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Dutch cooling

From the site of the Dutch meteorologic institute: http://www.knmi.nl/VinkCMS/news_detail.jsp?id=44754

"In De Bilt, the daily average temperature in 2008 was 10.6 degrees (Celsius) compared to 9.8 degrees (the long-term average for 1971-2000). This past year was less warm than the previous years: both 2006 and 2007 with 11.2 degrees were by far the hottest across the measurements of more than three centuries. The ten warmest years were all after 1988 and are now already five years from the 21st century in the top ten. The year 1996 was the only colder one during the last two decades. The winter that year was also the last winter with an average temperature of just below freezing."

The questions remaining:
- Does this has any bearing on the long-time trend? Will the cooling (from 2007 to 2008) continue? Or will it be reversed in 2009? We'll see in a year!
- This are local data. What are the global data? After all, the earth is bigger than just the Netherlands.

Kees

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The more gas costs

In reply to: Dutch cooling

the less people drive. The less people drive the less C02 is produced and the lower the temperatures become. Let's see what happens now that the cost of crude oil is lower.

(At this writing crude oil is below $40.00(US) a barrel.)

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Way too short a sampling period to make any

In reply to: Dutch cooling

conjectures. Even a human life time is just a blip in time considering some of the cycles the earth has been and continues to go through. So, this year, my area has had 5 more inches of rain than the 30 year average. So what?

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There are long tern global results Googleable

In reply to: Dutch cooling

(if that really is a word), which one can find on Google. The results come from ice cores from glaciers in Greenland and the Antarctic. They are generally interpreted as supporting global warming but there is much controversy particularly here at SE over the results.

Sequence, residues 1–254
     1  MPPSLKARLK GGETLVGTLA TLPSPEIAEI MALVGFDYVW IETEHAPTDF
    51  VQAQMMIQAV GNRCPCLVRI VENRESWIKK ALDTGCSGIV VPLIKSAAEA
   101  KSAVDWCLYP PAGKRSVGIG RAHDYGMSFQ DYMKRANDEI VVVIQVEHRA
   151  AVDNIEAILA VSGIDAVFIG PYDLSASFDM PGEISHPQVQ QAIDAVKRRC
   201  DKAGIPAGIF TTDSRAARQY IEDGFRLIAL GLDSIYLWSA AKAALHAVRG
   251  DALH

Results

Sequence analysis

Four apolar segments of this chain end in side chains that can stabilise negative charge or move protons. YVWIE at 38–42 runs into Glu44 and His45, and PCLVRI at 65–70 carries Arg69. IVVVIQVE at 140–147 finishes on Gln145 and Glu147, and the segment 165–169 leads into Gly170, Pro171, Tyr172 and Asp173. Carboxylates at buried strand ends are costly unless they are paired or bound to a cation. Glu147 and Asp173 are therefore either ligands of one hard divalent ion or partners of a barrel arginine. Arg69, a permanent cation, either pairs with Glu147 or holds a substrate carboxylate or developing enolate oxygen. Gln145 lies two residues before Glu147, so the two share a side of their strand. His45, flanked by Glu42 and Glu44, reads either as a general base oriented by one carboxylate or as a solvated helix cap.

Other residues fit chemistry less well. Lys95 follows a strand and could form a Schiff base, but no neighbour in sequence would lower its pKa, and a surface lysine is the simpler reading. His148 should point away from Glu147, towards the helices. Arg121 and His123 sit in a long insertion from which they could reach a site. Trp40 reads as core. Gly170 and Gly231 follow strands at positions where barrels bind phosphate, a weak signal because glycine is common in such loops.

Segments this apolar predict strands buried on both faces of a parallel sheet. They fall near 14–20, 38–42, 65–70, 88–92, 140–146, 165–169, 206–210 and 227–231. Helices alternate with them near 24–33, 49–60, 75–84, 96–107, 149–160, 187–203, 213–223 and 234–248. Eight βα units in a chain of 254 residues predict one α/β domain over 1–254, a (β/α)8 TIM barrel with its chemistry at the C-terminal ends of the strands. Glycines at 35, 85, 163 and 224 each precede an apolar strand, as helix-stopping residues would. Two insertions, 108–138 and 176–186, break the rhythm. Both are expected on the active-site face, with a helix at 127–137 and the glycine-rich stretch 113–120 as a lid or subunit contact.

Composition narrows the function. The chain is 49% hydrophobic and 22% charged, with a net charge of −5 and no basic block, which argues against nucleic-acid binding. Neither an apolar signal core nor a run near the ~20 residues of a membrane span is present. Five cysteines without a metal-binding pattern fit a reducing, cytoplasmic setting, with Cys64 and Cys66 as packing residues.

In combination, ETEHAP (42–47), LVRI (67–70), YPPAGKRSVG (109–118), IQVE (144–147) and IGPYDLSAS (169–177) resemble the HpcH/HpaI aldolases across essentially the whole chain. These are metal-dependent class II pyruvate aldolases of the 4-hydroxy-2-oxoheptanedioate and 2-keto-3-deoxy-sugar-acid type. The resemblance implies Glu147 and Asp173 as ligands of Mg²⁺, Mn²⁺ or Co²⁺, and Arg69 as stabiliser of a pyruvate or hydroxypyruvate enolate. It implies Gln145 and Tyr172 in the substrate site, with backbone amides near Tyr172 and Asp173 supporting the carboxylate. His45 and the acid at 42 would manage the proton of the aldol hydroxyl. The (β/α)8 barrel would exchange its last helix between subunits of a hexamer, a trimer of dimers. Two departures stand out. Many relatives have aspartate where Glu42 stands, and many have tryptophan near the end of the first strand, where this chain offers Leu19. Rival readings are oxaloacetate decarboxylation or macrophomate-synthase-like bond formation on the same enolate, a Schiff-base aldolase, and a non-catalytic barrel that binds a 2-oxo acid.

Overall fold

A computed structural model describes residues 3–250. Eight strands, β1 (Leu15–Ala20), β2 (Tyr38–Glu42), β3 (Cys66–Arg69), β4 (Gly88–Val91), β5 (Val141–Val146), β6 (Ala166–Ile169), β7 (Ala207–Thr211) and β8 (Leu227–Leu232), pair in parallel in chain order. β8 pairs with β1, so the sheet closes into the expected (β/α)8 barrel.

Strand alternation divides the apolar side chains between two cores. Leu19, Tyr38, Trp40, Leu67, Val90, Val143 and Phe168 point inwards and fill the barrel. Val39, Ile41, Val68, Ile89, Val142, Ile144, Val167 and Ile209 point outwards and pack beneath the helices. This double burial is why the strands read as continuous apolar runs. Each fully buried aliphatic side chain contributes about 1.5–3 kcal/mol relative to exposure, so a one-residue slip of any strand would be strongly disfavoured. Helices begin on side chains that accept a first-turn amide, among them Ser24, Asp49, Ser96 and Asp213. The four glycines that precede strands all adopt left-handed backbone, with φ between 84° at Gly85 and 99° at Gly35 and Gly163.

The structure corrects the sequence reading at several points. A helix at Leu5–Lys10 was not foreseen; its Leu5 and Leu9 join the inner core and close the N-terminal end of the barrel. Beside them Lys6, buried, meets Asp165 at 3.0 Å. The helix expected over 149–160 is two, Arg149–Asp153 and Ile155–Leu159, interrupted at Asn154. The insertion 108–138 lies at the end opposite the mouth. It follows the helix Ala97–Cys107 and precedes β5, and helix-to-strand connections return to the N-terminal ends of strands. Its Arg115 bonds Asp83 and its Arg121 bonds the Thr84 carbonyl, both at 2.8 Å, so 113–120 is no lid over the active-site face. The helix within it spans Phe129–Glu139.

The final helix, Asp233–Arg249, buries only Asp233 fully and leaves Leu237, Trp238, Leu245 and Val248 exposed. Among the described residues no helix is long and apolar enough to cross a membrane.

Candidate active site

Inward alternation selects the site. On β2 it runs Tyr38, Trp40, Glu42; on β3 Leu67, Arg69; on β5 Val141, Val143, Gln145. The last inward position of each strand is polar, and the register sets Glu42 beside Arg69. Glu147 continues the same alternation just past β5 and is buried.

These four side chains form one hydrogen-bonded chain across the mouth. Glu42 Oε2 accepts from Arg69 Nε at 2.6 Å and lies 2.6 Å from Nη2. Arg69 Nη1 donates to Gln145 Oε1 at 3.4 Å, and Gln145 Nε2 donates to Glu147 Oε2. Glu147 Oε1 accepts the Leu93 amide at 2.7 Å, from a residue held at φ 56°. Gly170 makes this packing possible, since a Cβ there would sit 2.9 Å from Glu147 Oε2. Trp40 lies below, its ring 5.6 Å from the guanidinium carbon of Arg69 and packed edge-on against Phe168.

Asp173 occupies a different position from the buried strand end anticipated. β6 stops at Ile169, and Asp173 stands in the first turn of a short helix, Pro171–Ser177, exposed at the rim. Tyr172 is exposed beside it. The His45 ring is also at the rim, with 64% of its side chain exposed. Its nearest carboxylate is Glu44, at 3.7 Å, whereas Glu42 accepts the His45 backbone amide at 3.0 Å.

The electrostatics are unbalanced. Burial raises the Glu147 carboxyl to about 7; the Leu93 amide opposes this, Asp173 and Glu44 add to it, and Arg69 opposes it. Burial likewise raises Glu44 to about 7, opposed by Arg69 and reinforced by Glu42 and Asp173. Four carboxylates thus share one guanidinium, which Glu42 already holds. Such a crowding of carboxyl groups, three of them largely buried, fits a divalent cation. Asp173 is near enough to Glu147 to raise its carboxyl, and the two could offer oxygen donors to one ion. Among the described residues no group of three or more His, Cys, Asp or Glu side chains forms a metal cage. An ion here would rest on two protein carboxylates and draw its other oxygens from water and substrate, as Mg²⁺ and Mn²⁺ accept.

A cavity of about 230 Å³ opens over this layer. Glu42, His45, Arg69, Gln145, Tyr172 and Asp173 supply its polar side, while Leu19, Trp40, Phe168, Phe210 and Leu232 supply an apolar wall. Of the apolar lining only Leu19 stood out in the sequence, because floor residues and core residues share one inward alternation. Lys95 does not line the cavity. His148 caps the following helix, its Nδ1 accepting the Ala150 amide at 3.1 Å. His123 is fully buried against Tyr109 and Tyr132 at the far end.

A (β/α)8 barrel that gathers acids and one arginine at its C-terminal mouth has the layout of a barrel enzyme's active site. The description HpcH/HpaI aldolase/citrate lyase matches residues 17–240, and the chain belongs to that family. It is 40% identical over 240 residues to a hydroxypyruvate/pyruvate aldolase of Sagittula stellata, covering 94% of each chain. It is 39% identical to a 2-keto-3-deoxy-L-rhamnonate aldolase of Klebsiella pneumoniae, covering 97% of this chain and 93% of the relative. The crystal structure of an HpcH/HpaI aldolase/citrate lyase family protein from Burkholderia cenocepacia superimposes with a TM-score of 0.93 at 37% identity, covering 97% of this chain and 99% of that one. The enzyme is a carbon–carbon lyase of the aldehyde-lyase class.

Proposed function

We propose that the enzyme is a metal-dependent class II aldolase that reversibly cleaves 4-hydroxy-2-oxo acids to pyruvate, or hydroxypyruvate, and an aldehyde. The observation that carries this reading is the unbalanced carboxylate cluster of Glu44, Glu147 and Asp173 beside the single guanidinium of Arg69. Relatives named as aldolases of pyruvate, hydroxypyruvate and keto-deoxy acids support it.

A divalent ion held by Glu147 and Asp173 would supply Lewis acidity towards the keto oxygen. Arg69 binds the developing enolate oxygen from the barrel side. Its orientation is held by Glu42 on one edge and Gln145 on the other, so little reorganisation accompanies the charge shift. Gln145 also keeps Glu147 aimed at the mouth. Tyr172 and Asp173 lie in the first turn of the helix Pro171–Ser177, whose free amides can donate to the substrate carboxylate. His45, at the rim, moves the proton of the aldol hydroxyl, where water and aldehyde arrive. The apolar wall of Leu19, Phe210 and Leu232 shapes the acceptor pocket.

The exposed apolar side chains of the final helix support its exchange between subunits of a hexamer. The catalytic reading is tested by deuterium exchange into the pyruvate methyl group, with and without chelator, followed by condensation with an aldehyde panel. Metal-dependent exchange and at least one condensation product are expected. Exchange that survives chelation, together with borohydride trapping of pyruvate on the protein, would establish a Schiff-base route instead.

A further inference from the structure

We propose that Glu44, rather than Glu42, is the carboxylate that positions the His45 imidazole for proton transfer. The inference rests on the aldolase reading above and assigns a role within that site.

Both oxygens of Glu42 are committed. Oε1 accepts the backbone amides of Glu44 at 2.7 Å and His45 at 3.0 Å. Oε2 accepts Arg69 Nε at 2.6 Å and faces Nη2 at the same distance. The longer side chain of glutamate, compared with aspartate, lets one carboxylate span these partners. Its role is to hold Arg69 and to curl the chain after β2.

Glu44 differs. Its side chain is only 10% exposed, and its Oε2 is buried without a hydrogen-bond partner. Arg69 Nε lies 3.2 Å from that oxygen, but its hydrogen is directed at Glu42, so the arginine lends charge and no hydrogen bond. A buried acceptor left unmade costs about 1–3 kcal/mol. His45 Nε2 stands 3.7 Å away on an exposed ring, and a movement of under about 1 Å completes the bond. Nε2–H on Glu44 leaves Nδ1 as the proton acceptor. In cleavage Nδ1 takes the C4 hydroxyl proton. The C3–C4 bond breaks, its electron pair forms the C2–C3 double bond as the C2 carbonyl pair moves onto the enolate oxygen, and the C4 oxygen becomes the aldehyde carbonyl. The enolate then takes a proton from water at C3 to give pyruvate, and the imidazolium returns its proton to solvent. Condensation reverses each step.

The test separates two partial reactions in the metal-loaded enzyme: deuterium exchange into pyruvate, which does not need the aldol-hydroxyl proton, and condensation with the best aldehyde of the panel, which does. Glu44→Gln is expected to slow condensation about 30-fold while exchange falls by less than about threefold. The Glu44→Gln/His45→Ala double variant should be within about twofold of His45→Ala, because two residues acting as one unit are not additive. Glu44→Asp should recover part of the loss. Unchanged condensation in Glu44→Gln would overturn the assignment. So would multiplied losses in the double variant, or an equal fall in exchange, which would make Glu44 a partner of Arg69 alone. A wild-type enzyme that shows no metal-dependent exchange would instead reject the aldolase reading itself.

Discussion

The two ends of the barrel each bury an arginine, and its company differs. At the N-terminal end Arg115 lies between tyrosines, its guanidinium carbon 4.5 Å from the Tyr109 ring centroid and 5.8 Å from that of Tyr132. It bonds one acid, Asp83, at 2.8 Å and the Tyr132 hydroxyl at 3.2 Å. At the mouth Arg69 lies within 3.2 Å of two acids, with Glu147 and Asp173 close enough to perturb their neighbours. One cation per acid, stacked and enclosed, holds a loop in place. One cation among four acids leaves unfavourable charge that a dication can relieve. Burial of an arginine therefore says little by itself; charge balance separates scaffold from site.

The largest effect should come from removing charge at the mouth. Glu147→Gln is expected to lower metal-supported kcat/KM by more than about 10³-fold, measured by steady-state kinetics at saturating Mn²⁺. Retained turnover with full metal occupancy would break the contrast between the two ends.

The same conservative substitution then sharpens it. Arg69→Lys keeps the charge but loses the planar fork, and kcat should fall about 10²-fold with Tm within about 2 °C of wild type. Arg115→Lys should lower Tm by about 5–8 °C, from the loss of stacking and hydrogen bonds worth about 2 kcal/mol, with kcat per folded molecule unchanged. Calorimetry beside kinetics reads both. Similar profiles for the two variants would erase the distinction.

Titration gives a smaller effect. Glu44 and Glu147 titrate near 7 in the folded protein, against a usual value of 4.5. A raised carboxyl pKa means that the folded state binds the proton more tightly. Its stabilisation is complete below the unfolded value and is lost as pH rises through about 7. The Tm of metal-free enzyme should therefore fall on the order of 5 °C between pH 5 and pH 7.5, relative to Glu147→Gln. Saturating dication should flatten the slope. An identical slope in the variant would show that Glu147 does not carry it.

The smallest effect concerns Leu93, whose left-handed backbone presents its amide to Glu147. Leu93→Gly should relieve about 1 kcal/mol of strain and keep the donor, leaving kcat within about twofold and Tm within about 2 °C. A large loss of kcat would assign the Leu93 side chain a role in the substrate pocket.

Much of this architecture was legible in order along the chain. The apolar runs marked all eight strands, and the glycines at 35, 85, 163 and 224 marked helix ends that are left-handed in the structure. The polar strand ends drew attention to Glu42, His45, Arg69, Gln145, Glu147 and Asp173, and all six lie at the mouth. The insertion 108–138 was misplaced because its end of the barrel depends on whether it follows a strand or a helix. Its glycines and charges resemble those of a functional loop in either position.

There were points during the last 100,000 years of the last ice age which were annually warmer than today's global temperatures, because the Ice Age was actually a number of related surges and withdrawals of icesheets. This is the reason that Wooly Mammoths have been found as far north as they have, and that the last survivors of the species, a sort of pygmy Wooly Mammoth survived on Wrangel Island north of the Russian mainland above Siberia, lived until about 4,000 years ago. Mammoths required grasslands during the year, and fed on grasses which they were able to dig up or uncover during the winter, which means they depended on relatively light snowfalls which is what one gets at extreme Northern and Southern Latitudes.

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Google results here

In reply to: There are long tern global results Googleable

http://earthobservatory.nasa.gov/Features/GlobalWarm1999/
Starts in 1880 to 1999
http://www.seed.slb.com/en/scictr/watch/climate_change/change.htm
Note that 0 was established by an average of temperatures between 1960 and 1990 only. Why not an over all average which would be lower than 0? -- more like -0.2.
http://www.realclimate.org/index.php/archives/2008/07/global-trends-and-enso/
I post this as a somewhat contrarian site, but note it's short X Axis (Horizontal) beginning in 1980. I assume that it relates to the poor availability of data on sea surface temperatures before that. There is a slight upward trend despite their "corrections".
http://www.longrangeweather.com/images/gtemps.gif
Now this may be the work of the scientist most reviled here for his work on Global warming Dr. Randy Mann. The Y axis (Vertical) is kind of exaggerated since it appears to represent only about a degree and a bit, but it does give an interesting look over aq longer time period, and appears to argue against global warming as anything other than a volcanic and Sun activity cause.
http://www.thepeoplesvoice.org/cgi-bin/blogs/voices.php/2008/08/25/p28062
Same site with text. Source, not one I'm comfortable with, but the graph is worthwhile.
http://en.wikipedia.org/wiki/Temperature_record This site has the longest time span, going back 800,000 years based on Antarctic Ice cores. The top graph (Holocene) reads from left to right, present being at the left, farther into the past up to the ice age to the right. Probably the best of the bunch and the least indicative of Global warming.

There are lots more for the dedicated researcher, but one must be careful of the inherent biases of the authors and their publishers. That's why I have so much trouble with a site that calls itself The Peoples Voice.org. Too many flashbacks of lamented, misguided University friends and their certainties.

Rob

Is it Randy Mann that is the Doctor Mann that is so distrusted here for his data? Because from what I've found here it looks pretty good and not alarmist at all.
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Here are the graphs from Wikipedia reversed for easier

In reply to: Google results here

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